How To Fix A Leaky Faucet

Knowing how to fix a leaky faucet can alleviate some sleepless nights, and also keep plumbing repair bills to a minimum.

There's nothing worse than waking up in the middle of the night to the sound of dripping water from a leaky faucet, and knowing that leak is going to continue unless the proper plumbing repairs are done. Also the fact that one leaky faucet can waste gallons of water every day is another reason why it is important to have this leak fixed promptly.

By going through the following steps, a leaky faucet can usually be repaired without having to call and then incur the expense of a plumber's services as the problem may be easily solved by the replacement of a worn out rubber washer, or an O-ring. Because what essentially occurs is when the washer wears out, then water is able to pass between it and the valve seat, resulting in the leak.

Determine the type of faucets, i.e. if it's a compression faucet, which has separate hot and cold water handles, or noncompression, which has only one lever or knob to control the water flow. The following instructions basically cover a compression faucet, i.e. a two- handle faucet.



First Step: Shut the water at the stop valve, which can be located either below the fixture or at the main shut off valve. Whether the leaking water is warm water or cold water again will indicate which of the handles is causing the leak if this is a compression faucet.

Second Step: Cover the drain. Remove the screw cover on the suspected handle. If there is what is referred to as an "escutcheon" or decorative top to the faucet handle, this can be remove by gently prying it off with a screwdriver or carefully with the tip of a knife.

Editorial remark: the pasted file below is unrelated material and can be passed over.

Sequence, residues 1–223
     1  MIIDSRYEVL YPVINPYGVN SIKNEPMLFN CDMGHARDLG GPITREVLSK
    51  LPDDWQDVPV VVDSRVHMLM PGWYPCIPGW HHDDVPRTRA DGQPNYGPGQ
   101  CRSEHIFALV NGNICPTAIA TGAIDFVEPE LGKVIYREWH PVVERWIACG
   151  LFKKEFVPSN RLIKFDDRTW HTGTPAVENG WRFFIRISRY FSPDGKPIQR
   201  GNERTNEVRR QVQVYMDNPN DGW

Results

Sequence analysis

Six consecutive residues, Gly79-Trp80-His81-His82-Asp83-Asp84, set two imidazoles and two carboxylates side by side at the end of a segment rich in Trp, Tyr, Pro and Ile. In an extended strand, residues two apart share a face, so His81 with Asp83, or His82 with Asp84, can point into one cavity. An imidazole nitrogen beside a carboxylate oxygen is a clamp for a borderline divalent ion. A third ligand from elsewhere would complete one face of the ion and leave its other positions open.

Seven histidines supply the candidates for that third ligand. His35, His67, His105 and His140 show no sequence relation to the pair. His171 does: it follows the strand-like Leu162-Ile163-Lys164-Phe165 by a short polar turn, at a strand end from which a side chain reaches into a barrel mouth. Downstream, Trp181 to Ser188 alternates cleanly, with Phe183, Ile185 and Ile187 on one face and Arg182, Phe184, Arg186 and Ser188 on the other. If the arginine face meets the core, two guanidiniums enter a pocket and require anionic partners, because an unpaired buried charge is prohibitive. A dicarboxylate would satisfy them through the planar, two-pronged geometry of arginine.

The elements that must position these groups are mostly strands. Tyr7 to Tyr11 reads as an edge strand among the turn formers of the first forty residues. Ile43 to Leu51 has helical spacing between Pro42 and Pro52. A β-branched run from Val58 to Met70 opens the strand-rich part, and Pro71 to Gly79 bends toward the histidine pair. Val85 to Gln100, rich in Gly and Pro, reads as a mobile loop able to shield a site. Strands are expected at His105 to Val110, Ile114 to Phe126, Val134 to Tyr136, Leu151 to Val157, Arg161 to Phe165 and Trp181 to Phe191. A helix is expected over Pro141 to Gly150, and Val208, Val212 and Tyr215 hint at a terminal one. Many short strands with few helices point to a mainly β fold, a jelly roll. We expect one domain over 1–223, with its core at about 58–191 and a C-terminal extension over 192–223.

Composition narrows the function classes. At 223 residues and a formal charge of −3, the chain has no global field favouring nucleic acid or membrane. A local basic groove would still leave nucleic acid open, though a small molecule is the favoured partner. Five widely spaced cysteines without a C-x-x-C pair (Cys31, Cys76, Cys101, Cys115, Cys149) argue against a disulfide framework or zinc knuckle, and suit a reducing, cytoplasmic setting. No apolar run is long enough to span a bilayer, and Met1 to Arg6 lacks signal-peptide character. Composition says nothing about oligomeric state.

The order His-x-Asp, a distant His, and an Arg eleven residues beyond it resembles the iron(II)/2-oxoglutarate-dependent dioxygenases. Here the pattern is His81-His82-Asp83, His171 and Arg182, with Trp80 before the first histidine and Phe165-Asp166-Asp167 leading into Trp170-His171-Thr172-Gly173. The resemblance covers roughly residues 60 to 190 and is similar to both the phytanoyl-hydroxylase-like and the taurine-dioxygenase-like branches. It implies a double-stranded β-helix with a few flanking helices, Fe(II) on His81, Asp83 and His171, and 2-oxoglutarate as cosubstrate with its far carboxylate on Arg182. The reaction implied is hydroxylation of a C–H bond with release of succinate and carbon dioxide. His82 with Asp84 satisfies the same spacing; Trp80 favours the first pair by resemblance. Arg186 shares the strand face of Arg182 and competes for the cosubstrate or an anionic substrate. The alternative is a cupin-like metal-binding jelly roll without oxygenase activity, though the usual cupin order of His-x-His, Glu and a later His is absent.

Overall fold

Third Step: The packing nut and valve stem is removed. Using an adjustable wrench or using a pair of channel-lock pliers loosen the lock nut located at the base of stem spindle. By carefully pulling up, lift the stem assembly out of the faucet body. When removing the nut, it must be turned counterclockwise. Then turn the large packing nut at the top of the faucet counterclockwise. Then twist out also counterclockwise the valve stem.

Fourth Step: To replacing the washer, using the channel-lock pliers, hold the stem assembly. Remove the retaining screw that holds the old washer in place with a screwdriver. Remove this screw and the old washer. A beveled washer or a flat washer may be required. Taking these parts down to a hardware store will help indicate by comparing them exactly what replacements parts are needed, and that the purchase is a correct one.

Fifth Step: Replace washer and brass stem screw. Place washer with the flat side against the base. Put back the retaining screw. By rubbing some petroleum jelly around the threads of the stem will help with future removal of this part. Replace the packing nut and handle. Then hopefully when the faucet is turned on, there is no more leaking. Again if this is a double handle faucet, and it still drips, then the other handle may require a new washer. Or the faucet itself may need to be replaced. If water continues to leak, then the valve seat needs replacing, which may require contacting a plumber.

Sixth Step: If an O-Ring needs to be replaced, remove the lock nut from the stem spindle. With the use of long nose pliers, remove the O-ring. Then replace it with an identical O-ring, ensuring that it is firmly seated in the groove. Again, the use of petroleum jelly can be applied to lubricate it to ensure a good seal and easier future removal if required.

If the leak is coming from a noncompression faucet, then the faucet should be disassembled, and replaced with a new mechanism, which is usually in the form of a "╦ťcartridge.' The best thing to do is to take the entire unit to the hardware store and find an exact replacement, and follow manufacturer's directions when installing the unit.

Hopefully, when nighttime arrives, a good night's sleep will come with it, no longer interrupted by a leaking faucet will follow.

© High Speed Ventures 2011